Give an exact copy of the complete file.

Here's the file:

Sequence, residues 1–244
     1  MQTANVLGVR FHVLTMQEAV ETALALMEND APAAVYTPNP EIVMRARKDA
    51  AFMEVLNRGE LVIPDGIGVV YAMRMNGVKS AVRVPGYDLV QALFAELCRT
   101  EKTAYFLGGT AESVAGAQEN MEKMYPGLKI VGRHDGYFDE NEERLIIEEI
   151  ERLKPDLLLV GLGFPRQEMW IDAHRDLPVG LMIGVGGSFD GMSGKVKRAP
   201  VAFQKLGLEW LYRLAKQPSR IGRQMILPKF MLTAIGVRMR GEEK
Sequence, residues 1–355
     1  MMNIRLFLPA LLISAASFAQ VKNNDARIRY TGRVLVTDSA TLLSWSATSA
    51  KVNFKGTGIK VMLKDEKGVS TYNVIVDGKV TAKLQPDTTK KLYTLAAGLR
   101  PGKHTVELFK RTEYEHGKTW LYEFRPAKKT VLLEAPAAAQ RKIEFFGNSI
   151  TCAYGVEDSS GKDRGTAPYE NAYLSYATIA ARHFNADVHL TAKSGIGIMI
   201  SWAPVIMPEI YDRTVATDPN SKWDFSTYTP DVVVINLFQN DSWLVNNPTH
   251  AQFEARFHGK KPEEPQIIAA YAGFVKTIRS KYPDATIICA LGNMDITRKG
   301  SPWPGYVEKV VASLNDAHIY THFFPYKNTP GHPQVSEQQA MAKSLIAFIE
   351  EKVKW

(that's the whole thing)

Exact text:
Sequence, residues 1–244
     1  MQTANVLGVR FHVLTMQEAV ETALALMEND APAAVYTPNP EIVMRARKDA
    51  AFMEVLNRGE LVIPDGIGVV YAMRMNGVKS AVRVPGYDLV QALFAELCRT
   101  EKTAYFLGGT AESVAGAQEN MEKMYPGLKI VGRHDGYFDE NEERLIIEEI
   151  ERLKPDLLLV GLGFPRQEMW IDAHRDLPVG LMIGVGGSFD GMSGKVKRAP
   201  VAFQKLGLEW LYRLAKQPSR IGRQMILPKF MLTAIGVRMR GEEK
Sequence, residues 1–355
     1  MMNIRLFLPA LLISAASFAQ VKNNDARIRY TGRVLVTDSA TLLSWSATSA
    51  KVNFKGTGIK VMLKDEKGVS TYNVIVDGKV TAKLQPDTTK KLYTLAAGLR
   101  PGKHTVELFK RTEYEHGKTW LYEFRPAKKT VLLEAPAAAQ RKIEFFGNSI
   151  TCAYGVEDSS GKDRGTAPYE NAYLSYATIA ARHFNADVHL TAKSGIGIMI
   201  SWAPVIMPEI YDRTVATDPN SKWDFSTYTP DVVVINLFQN DSWLVNNPTH
   251  AQFEARFHGK KPEEPQIIAA YAGFVKTIRS KYPDATIICA LGNMDITRKG
   301  SPWPGYVEKV VASLNDAHIY THFFPYKNTP GHPQVSEQQA MAKSLIAFIE
   351  EKVKW